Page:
Sir — If West Bengal is such a bankrupt state that it will find no takers if put up on auction, as Mamata Banerjee has suggested, why do people from other states come here in search of job opportunities (“No takers for Bengal: CM”, Dec 13)? If the state was indeed in such a bad condition, there would have been a sharp and steady decline in its population, as people would have left the state for greener pastures. But there has been a continuous flow of migrants to West Bengal in recent years. At present, Bengalis are no more a majority in the urban areas. With so many people flocking to the state to find means of survival, or for higher education, medical treatment and business, West Bengal can hardly be considered as a state with “no takers”. It was unbecoming of the chief minister to have ridiculed Bengal in this way.
There is a growing tendency among Bengalis to mock and criticize their own state in order to prove that they are not parochial. This has almost become a fashion statement. Those holding such views must realize that only a progressive and developed state can attract migrants.
Kajal Chatterjee, Sodepur
Sir — Mamata Banerjee is right in despairing about Bengal’s financial condition and in putting the blame on the Left Front government for this situation. The previous administration did nothing to boost revenues and to curtail debt. Instead, senior leaders had a tendency to smugly refer to the high debts of Maharashtra, quite ignoring the fact that the latter is economically much stronger and raises more tax revenues than Bengal. States like Maharashtra or Andhra Pradesh can service more debt than Bengal will be able to at present. Even though tax rates are high in Bengal, its tax revenue as a percentage of its gross domestic product is below 5 per cent, which is far lesser than that of Maharashtra, and one of the lowest in India. The tax authorities of Bengal have failed to improve tax-collection methods.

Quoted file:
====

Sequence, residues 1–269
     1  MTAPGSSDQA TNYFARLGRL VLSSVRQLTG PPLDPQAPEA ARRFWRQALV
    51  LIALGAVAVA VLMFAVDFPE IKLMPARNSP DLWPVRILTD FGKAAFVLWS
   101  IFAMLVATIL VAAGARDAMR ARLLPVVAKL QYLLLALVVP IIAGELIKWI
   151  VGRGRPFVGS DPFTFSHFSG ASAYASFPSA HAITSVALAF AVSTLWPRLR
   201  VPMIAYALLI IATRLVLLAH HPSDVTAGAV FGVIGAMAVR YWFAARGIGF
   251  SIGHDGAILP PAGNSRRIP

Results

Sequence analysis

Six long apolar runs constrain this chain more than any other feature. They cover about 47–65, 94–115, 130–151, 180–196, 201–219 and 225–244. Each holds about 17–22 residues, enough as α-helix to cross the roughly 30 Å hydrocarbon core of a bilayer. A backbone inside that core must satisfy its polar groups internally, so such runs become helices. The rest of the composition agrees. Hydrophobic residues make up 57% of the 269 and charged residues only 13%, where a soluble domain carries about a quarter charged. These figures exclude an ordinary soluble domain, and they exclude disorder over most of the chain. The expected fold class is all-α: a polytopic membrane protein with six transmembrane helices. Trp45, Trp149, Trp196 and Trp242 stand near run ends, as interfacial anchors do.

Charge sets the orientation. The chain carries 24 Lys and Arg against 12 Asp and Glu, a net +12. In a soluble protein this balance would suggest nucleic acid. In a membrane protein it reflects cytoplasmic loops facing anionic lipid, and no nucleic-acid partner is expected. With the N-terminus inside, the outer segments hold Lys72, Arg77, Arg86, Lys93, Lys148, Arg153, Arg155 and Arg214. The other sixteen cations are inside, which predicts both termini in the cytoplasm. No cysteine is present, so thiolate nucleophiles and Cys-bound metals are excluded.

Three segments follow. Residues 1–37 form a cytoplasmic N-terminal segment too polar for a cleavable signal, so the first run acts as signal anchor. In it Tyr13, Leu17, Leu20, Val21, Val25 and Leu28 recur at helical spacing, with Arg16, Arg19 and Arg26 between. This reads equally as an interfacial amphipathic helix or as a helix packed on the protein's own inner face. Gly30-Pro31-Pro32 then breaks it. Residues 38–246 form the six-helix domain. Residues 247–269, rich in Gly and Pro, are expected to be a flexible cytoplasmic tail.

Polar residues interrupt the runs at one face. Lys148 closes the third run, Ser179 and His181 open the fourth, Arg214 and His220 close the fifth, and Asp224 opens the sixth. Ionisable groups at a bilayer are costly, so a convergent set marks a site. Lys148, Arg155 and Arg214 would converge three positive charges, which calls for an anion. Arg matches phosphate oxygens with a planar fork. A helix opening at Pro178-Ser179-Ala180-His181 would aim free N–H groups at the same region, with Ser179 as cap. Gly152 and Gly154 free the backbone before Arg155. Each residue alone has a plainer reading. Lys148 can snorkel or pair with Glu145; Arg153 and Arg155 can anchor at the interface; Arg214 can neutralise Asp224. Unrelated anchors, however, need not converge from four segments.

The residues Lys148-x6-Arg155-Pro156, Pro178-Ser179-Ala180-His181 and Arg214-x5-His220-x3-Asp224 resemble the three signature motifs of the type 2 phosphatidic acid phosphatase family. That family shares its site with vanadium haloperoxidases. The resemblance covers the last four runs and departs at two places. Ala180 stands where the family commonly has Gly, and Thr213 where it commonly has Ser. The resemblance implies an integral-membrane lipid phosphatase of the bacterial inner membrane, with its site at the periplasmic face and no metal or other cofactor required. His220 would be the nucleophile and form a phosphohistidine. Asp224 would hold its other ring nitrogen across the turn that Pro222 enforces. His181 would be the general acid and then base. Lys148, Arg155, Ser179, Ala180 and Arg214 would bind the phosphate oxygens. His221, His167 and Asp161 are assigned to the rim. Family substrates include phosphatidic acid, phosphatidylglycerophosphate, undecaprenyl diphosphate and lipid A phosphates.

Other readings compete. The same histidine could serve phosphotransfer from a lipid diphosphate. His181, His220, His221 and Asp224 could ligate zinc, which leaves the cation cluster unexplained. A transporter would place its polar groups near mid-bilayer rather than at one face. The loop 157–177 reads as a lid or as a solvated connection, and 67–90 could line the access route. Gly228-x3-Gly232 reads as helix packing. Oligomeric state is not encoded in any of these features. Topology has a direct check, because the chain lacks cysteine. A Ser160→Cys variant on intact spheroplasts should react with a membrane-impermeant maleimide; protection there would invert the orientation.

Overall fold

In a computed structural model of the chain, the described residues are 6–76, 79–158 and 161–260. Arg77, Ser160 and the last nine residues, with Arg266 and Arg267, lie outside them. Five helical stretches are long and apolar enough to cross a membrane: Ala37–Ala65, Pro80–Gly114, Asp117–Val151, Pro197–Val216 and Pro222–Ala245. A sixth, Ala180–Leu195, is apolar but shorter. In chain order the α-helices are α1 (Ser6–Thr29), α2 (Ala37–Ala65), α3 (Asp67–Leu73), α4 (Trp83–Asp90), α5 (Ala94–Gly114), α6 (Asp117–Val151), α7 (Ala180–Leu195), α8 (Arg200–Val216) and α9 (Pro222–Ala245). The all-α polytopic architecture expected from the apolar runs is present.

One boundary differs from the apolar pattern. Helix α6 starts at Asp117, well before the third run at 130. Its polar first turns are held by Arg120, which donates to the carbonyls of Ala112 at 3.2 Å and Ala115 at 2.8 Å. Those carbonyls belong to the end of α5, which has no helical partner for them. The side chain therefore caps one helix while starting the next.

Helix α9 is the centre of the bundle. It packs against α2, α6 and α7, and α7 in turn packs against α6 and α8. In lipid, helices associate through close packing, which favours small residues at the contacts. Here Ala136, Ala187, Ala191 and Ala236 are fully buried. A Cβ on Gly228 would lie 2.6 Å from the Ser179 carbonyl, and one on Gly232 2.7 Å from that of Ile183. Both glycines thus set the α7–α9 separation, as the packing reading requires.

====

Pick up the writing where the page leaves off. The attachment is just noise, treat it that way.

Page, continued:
The previous government was oblivious to the fact that while Bengal’s industrial growth is moribund and the agriculture sector remained outside the tax net, the services and real estate sectors are booming. Bengal is still a big trading centre, serving many parts of eastern and northeastern India, Bangladesh and Nepal. Massive tax evasion is rampant in sectors such as garments, transport, electronics, metal, coal, medical services and real estate. The present government has continued with a similar approach. Tougher tax-collection methods — applied particularly to certain areas of Calcutta, Howrah, Durgapur, Asansol and Siliguri —will increase revenues.
Banerjee’s faulty land policy and lack of control over small-time syndicates and contract labour are the main reasons behind the slowing down of industrialization. This is deepening the financial crisis. There are many ways to reduce government expenses. Merely blaming the Left or antagonizing the Centre might win votes or public sympathy, but will not help start a fiscal recovery.
Partho Datta, Calcutta
Clean the mess
Sir — It is unfortunate that the people of Calcutta are hardly concerned with the cleanliness of the city. While this applies to the whole of India, it is particularly true of Calcutta. People spit and urinate everywhere — on the streets, on the walls of buildings, on footpaths. What bothers me the most is that no one seems to think that there is anything wrong with such practices. Even in places where there are litterbins, people end up throwing garbage on the roads. And in most places, there are no litterbins at all.
A recent experience struck me as particularly ironic. I saw a decent-looking man urinating on a footpath. Close to him was a banner that said, “Keep your city clean”. The callousness of such people is almost horrific.
In these times of paribartan, when the state government is determined to turn Calcutta into London, it is imperative that awareness about public hygiene is created among Calcuttans. Strict laws pertaining to cleanliness must be put in place. People breaking them must be punished severely. The ‘city of joy’ is unique in its own way. Citizens must realize this and learn to protect and value their city.
Sharangee Dutta, Calcutta
Sir — Aveek Sen’s article, “House with a head” (Dec 17), made some sensitive observations. When in a nostalgic mood, we seek solace in the tranquillity of the terrace. There, we feel connected with nature as well as with our inner selves. Childhood memories of flying kites flood our minds.
Jayanti Ghosh Dastidar, Calcutta